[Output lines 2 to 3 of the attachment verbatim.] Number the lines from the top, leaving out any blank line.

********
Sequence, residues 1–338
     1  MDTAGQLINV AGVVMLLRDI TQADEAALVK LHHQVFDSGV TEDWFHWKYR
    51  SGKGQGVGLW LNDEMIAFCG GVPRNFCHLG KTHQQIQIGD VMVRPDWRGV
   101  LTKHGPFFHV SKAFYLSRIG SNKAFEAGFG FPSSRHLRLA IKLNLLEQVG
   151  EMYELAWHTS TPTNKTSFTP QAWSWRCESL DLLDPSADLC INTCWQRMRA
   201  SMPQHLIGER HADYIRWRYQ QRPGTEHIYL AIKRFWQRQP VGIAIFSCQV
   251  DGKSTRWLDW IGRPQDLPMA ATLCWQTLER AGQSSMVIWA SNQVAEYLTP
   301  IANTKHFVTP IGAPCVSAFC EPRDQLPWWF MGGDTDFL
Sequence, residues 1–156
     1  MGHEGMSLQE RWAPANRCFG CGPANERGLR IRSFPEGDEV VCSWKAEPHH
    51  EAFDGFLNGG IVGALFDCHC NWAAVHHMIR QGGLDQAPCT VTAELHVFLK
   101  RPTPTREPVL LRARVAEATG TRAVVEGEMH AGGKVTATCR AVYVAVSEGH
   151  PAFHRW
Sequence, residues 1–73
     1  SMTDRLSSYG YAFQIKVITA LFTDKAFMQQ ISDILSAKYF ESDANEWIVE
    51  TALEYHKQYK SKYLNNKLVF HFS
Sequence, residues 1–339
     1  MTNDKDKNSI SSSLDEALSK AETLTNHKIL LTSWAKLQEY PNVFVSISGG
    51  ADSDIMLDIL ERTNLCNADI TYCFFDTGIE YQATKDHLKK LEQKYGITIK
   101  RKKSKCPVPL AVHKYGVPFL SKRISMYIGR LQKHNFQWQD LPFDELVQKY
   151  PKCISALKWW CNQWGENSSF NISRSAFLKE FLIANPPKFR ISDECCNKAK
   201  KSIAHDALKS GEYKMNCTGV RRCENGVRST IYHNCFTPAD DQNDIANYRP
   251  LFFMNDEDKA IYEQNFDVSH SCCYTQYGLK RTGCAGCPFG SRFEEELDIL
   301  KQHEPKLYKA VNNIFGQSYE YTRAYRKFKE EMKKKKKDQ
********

     1  MDTAGQLINV AGVVMLLRDI TQADEAALVK LHHQVFDSGV TEDWFHWKYR
    51  SGKGQGVGLW LNDEMIAFCG GVPRNFCHLG KTHQQIQIGD VMVRPDWRGV